SBD/August 14, 2013/Leagues and Governing Bodies

European, PGA Tour Execs Shoot Down Reports Of Potential Takeover

Finchem said the notion of acquiring the European Tour was inaccurate
Reports of the PGA Tour taking over the European Tour “have been denied” by the European governing body, according to Iain Carter of the BBC. European Tour COO Keith Waters described the news as "incorrect." Waters said, "The golf market in Europe is significantly smaller than in the United States. ... However, the notion that the US PGA Tour is somehow bidding to buy the European Tour is incorrect" (BBC.co.uk, 8/13). GOLFWEEK.com's Adam Schupak noted the reports of a takeover "led to a flurry of denials by both parties." PGA Tour Commissioner Tim Finchem later yesterday released a statement labeling the reports "inaccurate." Schupak noted the concept of "one world tour has been broached several times in the past." The World Golf Championships were formed in '99 as an "attempt to bring the best players in the world together more frequently." McDowell later tweeted about a possible takeover by the PGA Tour, "Not needed. Most top 50 players play world tour anyway" (GOLFWEEK.com, 8/13). GOLFCHANNEL.com's Rex Hoggard cited sources as saying that a takeover "would be a tough sale on both sides of the Atlantic Ocean." Such a move for the European Tour would "help balance the financial divide between the two circuits and provide access to the PGA Tour via the European money list, similar to how players graduate from the Web.com Tour." As for what the PGA Tour would "get out of the deal, the European Tour has a stronger footprint in Asia, specifically China, and the rights to the Ryder Cup, which is currently run by the European circuit and the PGA of America." That "ignores the PGA Tour's improving position in Asia in recent years." Hoggard: "While the reports of an impending takeover of the European Tour seem premature, most observers agree that the possibility of a 'world tour' is not completely outlandish" (GOLFCHANNEL.com, 8/13).

CALLING THEIR SHOTS: USA TODAY's Steve DiMeglio notes fans have increasingly been screaming "nonsense just after players swing." However, PGA Tour Exec VP & Chief Global Communications Officer Ty Votaw yesterday said that he is "not sure what can be done" to police the growing trend. Votaw said, "I don't know if it is any more of a concern than it has been, and I'm not sure it has been that much of a concern. As long as they don't do it during a player's swing, it's difficult to police." He added, "It might be worse in certain places. But we'll keep looking into it." Golfer Ian Poulter "fired off a series of tweets following the PGA Championship on Sunday, including this one: 'We should be allowed to take 10,000 volt tazers onto the course and tazer every muppet who shouts out something stupid. I would laugh then.'" But Poulter "was not alone." Other players, including Jim Furyk, "turned back to stare intently at the gallery after outbursts" during the final round of the tournament. CBS analyst Nick Faldo "spoke on the air about how annoying it was, to players and everyone else" (USA TODAY, 8/14). PGA Championship winner Jason Dufner said the fans yelling after golf shots is “getting crazy out there.” He said, “We’ve got a lot of rules out there for what the spectators are supposed to do out there in the galleries, and they don’t seem to follow much of those rules anyway. So I don’t think if they put a rule in place it would really help it” (“Mike & Mike, ESPN Radio, 8/13).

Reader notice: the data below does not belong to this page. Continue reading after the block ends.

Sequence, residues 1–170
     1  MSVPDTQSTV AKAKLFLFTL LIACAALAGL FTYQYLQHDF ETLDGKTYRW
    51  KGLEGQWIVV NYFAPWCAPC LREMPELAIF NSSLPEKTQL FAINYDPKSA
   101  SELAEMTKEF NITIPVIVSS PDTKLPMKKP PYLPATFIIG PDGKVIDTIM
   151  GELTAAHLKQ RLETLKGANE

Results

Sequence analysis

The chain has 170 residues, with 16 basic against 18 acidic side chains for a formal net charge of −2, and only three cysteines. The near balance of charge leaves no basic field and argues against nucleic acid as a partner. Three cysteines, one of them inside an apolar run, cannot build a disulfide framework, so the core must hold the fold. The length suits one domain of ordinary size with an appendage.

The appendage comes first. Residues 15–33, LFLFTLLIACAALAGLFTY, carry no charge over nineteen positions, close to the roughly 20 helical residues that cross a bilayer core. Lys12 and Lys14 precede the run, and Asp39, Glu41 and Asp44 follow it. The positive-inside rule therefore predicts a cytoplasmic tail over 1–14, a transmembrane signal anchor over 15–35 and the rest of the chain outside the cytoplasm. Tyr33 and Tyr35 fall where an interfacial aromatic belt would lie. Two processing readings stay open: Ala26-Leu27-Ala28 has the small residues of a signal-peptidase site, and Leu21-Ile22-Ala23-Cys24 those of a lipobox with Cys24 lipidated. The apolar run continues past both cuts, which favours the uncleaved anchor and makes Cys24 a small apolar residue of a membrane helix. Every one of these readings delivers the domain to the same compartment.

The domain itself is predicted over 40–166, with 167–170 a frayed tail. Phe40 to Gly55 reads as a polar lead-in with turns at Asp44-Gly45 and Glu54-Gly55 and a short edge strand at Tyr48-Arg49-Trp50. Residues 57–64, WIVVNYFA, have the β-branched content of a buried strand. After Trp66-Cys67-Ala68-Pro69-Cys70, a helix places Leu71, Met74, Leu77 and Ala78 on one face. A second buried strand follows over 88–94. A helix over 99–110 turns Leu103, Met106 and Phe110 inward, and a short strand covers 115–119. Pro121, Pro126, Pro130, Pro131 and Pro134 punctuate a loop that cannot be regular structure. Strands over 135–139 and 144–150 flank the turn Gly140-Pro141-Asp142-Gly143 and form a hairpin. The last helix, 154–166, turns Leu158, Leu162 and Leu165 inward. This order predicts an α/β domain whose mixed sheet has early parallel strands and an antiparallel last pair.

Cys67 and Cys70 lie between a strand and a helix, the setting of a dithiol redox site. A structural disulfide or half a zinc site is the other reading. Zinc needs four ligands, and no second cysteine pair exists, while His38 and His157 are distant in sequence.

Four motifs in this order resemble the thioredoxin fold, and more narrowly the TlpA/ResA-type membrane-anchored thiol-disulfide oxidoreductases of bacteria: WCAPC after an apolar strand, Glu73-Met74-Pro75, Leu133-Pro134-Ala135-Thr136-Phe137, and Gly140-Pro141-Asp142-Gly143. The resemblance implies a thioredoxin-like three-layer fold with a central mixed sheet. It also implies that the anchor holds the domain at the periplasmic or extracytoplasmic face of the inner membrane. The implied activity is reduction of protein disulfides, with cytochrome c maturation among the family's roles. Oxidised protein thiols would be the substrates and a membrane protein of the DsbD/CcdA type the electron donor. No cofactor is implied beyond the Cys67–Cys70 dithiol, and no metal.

FINISH LINE: PGA Tour Exec VP & COO Andy Pazder said that "caddie races, a staple during tournaments at TPC Scottsdale and Colonial, will no longer be allowed." Pazder: "It was a situation where we developed a little concern about caddies’ safety. Running 150 yards puts caddies at risk for injury." GOLFCHANNEL.com's Hoggard noted the caddie race at Colonial's par-3 13th is "considered the original," and officials at the Byron Nelson Championship and Waste Management Phoenix Open "added the event in recent years" (GOLFCHANNEL.com, 8/13). Pazder said the atmosphere at the Waste Management Open's 16th hole is "pretty lively without the caddie races to further enliven it." He added, "It made sense to dial down the volume a little bit." The tourney will instead feature an "interactive game where spectators can guess which golfer's ball will come closest to the hole" (GOLF WORLD, 8/19 issue). YAHOO SPORTS' Shane Bacon wrote the ban on caddie races "seems so shortsighted." The Tour "focuses on the craziness" that is the Waste Management Open, but is "trying to outlaw one of the most fun parts of the entire week?" (SPORTS.YAHOO.com, 8/13).
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